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Robotech is an old sci-fi anime mash-up created by Carl Macek after fusing 3 different animes (4 if you count the movie) originally released in Japan twenty-two years ago. It was a huge success at home, and it was successfully exported around the world. More interesting for our site, it is probably the anime mash-up with more unseen material, with various series originally planned and never released. Maybe it was just destiny, but Gametek, a software house at the time well-known for her console versions of many famous american shows, bought the rights of the anime in 1994 and began working on a title for the Nintendo 64.
This title was officially announced in may 1995 as Robotech Academy, and it was essentially a battle simulator for the cadets of Robotech. However, at the beginning of 1996, Doug Lanford, a new entry of the small development team and a big fan of the series, dropped this concept, probably intended to be just a cheap rendition of the anime, and created a much more ambitious game that was going to be the first real space combat simulator for console: Robotech Crystal Dreams. First of all, it would have featured the entire solar system, in order to create a big environment for the free structure of the game. In fact, even if it was mission based, the player could directly affect the events of the game, simply choosing for example to avoid the current objective and answer a call for help on another planet, without the need to complete the previous mission.
Also, it would have included many of the weapons, characters,combat mecha, enemies, places of the series, as well as a complex story related to the events narrated in Robotech. Unfortunately, several issues slowed down the developement of the game, like the technical limitations of the Nintendo 64, the small financial resources of the developer, the closing down of Philips Media, the publisher of the game, and it was finally cancelled, even if finished at 90%, in 1998, after the complete bankrupt of Gametek. Eventually an early demo was released on internet, but it was a complete letdown, showing a game largely incomplete,bug-filled, slow-paced, and without the most interesting features announced by the developers.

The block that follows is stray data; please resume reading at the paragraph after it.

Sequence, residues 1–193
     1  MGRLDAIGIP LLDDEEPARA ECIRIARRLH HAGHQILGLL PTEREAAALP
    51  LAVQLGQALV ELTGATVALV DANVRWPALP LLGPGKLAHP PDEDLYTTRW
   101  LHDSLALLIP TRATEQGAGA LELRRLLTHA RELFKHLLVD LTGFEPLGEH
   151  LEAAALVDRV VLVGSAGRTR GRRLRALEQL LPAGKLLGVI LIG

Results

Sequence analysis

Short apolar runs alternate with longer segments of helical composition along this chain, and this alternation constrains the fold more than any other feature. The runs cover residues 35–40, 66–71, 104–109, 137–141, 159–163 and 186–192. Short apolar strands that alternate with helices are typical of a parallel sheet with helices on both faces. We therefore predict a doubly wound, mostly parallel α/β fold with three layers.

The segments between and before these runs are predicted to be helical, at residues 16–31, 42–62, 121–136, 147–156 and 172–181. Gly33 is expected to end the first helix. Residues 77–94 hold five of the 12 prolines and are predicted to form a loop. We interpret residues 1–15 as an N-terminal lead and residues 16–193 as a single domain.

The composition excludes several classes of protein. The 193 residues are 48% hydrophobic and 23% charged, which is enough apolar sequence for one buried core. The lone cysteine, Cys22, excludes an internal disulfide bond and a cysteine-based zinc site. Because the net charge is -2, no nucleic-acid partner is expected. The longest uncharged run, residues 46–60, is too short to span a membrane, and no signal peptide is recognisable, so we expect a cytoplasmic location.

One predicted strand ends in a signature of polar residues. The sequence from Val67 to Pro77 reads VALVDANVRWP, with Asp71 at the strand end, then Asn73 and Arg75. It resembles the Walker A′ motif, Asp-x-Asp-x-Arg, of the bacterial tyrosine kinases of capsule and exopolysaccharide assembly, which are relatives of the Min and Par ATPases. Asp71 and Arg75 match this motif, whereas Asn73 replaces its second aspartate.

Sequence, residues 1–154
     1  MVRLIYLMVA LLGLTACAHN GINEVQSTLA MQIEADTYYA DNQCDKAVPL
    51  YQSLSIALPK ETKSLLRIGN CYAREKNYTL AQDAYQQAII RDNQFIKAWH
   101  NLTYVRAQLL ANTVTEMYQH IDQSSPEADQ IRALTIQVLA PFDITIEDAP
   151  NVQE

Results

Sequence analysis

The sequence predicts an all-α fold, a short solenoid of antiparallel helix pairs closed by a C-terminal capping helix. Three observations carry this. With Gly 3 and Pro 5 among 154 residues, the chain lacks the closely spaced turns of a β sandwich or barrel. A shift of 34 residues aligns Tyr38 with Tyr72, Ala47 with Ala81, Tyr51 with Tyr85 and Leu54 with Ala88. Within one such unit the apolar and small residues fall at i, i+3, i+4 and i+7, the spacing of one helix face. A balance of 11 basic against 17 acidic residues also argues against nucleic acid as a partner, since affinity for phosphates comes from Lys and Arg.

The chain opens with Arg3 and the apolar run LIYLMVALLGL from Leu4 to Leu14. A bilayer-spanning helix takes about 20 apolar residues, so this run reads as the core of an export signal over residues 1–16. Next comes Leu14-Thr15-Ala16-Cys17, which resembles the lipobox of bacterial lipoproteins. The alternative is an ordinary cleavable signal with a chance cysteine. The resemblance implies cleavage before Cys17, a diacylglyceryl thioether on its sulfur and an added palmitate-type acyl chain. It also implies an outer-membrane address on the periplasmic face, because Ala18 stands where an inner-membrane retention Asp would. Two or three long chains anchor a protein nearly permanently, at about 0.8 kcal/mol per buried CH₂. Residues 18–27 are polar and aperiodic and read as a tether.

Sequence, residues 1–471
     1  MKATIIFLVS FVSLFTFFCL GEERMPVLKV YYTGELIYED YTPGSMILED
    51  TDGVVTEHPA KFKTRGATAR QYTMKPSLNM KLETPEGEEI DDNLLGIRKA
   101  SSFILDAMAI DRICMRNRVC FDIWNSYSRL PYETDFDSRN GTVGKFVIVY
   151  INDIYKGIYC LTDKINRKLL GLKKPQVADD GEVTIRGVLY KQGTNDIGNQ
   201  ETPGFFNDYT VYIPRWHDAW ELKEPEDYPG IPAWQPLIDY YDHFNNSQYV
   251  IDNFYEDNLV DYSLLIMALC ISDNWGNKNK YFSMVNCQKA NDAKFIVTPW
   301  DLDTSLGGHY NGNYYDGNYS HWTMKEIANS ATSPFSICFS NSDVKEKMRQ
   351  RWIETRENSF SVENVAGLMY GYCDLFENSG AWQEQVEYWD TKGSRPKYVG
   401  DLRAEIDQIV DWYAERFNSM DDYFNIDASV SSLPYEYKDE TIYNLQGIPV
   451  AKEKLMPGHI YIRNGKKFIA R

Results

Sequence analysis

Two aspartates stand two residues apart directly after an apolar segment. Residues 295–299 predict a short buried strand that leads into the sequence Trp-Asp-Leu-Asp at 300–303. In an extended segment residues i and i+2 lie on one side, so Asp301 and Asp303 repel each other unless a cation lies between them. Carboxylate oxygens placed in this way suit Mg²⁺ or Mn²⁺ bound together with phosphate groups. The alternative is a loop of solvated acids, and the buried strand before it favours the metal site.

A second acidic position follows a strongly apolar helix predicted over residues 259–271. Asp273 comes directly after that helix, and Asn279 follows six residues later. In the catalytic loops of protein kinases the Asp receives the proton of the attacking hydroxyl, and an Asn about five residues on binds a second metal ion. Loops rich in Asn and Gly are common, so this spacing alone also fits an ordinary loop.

Viewpoint 2064 is a cancelled shoot ‘em up that was in development for the Nintendo 64. The original Viewpoint was also an isometric shmup with an incredible difficulty released in 1992 by SNK for the Neo-Geo arcade platform. After Sammy published a port of the original game for the Playstation and Saturn, in 1998 they started to work on a true sequel for the Nintendo 64, that looked somehow similar to StarFox 64 (Lylat Wars).
True to its title, Viewpoint 2064 was going to have multiple points of view, with the classic isometric view and a “behind the spaceship” view. The game had a really good graphic for its time and it had a lot of potential to be a fun shooter, but sadly Sammy had some development problems and Viewpoint 64 was cancelled only a year after his presentation at the Space World 1999.
A playable prototype was found and sold on ebay in September 2015, you can see a video below that shows about 7 minutes from the game. It seems that this version of Viewpoint 2064 was almost finished as you can play all the level trough the end. There are multiple secret paths to discover that unlock different levels: there is a total of 15 areas but to finish the game you have play trough 5 of them, somehow similar to StarFox 64.
During the early stages of development, Starfox 64 (Lylat Wars in Europe) looked very different from the final version. The level design was much more meager, lots of details, from the textures to the polygonal backgrounds, were much simpler and more blurred. Some enemies were slightly different, the HUB on the screen (energy, radar, maps etc..) was changed various times before reaching the final version.
[spoiler /Clicca qui per la versione in Italiano/ /Nascondi la versione in Italiano/]Durante le prime fasi di sviluppo, StarFox 64 (Lylat Wars in Europa) appariva molto diverso dalla versione finale. Il level design era molto più scarno, tantissimi particolari, dalle textures alla costruzione poligonale, erano molto più semplici e approssimativi. Inizialmente gli sfondi erano inesistenti e come in diversi titoli dei primi anni del N64, una strana nebbia riempiva le zone più lontane. Anche alcuni nemici erano leggermente diversi, le icone a schermo (come quella dell’ energia dell’ accelerazione, il radar, le mappe ecc.) sono evolute in diverse fasi, prima di arrivare quella definitiva. [/spoiler]